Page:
CAP Talk

Operations => Safety => Topic started by: MovingOnToOtherThings on March 13, 2017, 07:49:54 PM

Title: Safety is NOT Common Sense!
Post by: MovingOnToOtherThings on March 13, 2017, 07:49:54 PM
1) What is your definition of common sense?
2) How do you relate common sense to safety situations?
3) If I were to tell you there is no such thing as common sense in Safety what would your response be?
Title: Re: Safety is NOT Common Sense!
Post by: Live2Learn on March 13, 2017, 09:43:07 PM
re: item 3.  There are a lot of activities where "common sense" could have a bad outcome.  For example, if the engine quits on takeoff "common sense" says "pull up!!!" in response to a nose over stall.  BUT, correct recovery is PUSH to maintain flying speed above stall. 
re: item 2.  Sometimes learned habits (i.e. "common sense") are helpful in reducing either risk or hazard.  But not always. 
re: item 1.  Dunno.  The Merriam-Webster Dictionary defines "common sense" as sound and prudent judgment based on a simple perception of the situation or facts   If we all perceived "facts" the same way, understood and used "sound and prudent" judgment in the say way... maybe this definition of "common sense" would work.  But a lot of research shows our perceptions vary hugely based upon our personalities, experience, and our familiarity with a situation. 

FWIW, I think "common sense" is not a very useful term.
Title: Re: Safety is NOT Common Sense!
Post by: etodd on March 14, 2017, 01:42:34 AM
Each has their own view of common sense.  I'm usually thinking of it when I think of those occasions where something sounds great in theory and on the drawing board, but the practical application fails. The folks on the factory line knew it was a non-starter (common sense) but  the Board Room folks were all gung ho.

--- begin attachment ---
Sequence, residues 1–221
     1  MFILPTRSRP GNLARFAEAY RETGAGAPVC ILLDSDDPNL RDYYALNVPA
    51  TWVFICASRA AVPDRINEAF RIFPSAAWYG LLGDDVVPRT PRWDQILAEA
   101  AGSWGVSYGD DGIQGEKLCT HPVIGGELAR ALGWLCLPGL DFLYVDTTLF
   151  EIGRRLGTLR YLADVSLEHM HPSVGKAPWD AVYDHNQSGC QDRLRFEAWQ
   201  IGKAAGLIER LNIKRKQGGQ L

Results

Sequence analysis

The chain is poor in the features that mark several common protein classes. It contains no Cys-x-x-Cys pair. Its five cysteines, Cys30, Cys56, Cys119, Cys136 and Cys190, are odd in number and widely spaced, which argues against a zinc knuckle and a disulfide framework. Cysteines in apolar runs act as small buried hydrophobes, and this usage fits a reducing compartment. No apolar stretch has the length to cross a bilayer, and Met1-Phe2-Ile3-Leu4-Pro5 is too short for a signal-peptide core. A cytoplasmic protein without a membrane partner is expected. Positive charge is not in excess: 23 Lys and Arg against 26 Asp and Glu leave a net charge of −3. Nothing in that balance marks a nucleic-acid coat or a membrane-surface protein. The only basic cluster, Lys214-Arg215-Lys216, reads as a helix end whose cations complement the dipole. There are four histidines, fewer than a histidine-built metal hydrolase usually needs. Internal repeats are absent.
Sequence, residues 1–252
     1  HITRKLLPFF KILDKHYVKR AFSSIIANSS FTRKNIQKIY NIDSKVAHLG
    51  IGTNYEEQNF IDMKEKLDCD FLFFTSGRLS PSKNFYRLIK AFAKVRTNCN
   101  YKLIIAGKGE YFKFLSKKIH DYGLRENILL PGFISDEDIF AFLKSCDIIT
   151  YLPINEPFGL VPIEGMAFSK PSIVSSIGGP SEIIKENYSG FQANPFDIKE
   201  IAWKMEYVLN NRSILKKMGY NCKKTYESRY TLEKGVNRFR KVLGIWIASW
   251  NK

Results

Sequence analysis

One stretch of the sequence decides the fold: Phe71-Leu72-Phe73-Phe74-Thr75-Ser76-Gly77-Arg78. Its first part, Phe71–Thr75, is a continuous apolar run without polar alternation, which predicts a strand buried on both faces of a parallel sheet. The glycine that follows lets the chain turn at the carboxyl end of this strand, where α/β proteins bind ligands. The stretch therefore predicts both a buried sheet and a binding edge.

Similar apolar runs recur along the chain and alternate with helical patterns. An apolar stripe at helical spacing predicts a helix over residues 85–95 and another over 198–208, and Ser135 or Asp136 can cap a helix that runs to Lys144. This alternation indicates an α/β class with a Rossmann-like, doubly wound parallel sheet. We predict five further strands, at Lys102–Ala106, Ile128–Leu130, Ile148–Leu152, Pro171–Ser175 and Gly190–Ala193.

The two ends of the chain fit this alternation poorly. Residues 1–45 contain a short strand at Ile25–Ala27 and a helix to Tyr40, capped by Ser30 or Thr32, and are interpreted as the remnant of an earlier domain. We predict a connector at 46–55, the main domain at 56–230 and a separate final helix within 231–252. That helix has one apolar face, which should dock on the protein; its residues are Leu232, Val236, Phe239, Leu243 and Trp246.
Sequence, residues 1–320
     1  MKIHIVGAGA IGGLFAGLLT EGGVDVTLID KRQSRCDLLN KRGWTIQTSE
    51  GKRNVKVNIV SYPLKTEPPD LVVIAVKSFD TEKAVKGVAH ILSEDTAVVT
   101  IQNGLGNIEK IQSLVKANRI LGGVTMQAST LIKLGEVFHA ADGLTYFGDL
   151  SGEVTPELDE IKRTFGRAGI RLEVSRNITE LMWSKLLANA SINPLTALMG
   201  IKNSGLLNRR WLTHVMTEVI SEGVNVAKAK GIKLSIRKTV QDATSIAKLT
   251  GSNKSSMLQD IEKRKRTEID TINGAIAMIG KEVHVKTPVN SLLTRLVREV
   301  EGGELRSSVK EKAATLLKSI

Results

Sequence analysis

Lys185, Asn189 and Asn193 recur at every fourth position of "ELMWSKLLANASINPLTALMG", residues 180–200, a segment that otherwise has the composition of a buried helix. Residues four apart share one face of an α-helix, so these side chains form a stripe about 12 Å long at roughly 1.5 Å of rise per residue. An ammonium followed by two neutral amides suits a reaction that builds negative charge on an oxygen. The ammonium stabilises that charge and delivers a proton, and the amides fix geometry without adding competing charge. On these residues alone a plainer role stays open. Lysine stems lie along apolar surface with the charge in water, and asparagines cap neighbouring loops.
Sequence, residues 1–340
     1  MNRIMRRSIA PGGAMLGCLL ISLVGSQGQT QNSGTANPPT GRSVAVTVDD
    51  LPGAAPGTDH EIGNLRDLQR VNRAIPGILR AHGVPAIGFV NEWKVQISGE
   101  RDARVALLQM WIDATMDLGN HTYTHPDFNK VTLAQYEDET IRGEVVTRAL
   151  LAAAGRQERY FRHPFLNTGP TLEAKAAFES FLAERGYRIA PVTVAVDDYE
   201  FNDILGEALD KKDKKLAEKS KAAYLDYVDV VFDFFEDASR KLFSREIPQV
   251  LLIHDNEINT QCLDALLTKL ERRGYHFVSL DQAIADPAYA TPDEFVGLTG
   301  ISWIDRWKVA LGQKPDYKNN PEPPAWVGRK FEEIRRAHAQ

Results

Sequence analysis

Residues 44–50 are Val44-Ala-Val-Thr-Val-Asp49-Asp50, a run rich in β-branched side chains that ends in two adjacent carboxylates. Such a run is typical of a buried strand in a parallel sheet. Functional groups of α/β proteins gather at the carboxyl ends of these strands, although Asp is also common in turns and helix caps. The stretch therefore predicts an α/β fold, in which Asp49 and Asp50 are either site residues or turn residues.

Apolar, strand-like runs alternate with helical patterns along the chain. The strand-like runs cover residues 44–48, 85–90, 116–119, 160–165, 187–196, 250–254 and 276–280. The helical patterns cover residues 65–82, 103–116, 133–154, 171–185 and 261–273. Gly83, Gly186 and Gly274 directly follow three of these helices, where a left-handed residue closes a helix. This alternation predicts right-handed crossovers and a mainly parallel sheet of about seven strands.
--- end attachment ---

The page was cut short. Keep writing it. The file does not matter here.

Title: Re: Safety is NOT Common Sense!
Post by: Eclipse on March 14, 2017, 01:55:56 AM
1) What is your definition of common sense?

A pamphlet written by Thomas Paine in 1776 challenging the authority of the British government and the royal monarchy.

or

"Sound practical judgment that is independent of specialized knowledge, normal native intelligence." (I actually like this one.)

The ability to act on, with, or despite "common sense", however, is very dependent on age and maturity.
And while Common Sense may not depend on specialized knowledge, it is strongly dependent on experience, both
general and situation specific.  Impulse control and ability to visualize consequences, both sorely lacking in
adolescents and children, is what usually opposes "common sense" at a rate in proportionate to age, decreasing
as people get older.

2) How do you relate common sense to safety situations?
Generally, a strong sense of self-preservation, and a conservative view towards risk would be considered "common sense".

3) If I were to tell you there is no such thing as common sense in Safety what would your response be?

Non-concur.  Most mishaps and incidents are caused by people ignoring their common sense or acting in
spite of it, verses requiring any specific training or knowledge to avoid.
Title: Re: Safety is NOT Common Sense!
Post by: etodd on March 14, 2017, 03:52:07 AM
The Darwin Award winners are usually good examples of people who have little to no common sense. They may have had the training and knowledge, but ignored the practical application (common sense) of it. "Hold my beer and watch this".
Title: Re: Safety is NOT Common Sense!
Post by: LTC Don on March 14, 2017, 11:55:16 AM
"Common" sense is knowledge common to a specified group of people, thus the word 'common'.  If a group of ten people all know how to tie their shoes, and then an eleventh person arrives who does not know how to tie their shoes, then the eleventh person doesn't have 'common' sense that all the others have.

Safety is much the same way.  It is a training issue.  If that eleventh person hasn't received the training on how to operate the jack to change the vehicle's tire, but the other ten have, then that's a safety deficiency that needs to be corrected.

If we focused more on mission training and skills proficiency than the other unrelated nonsense we do, we might have better membership retention, and actually be safer.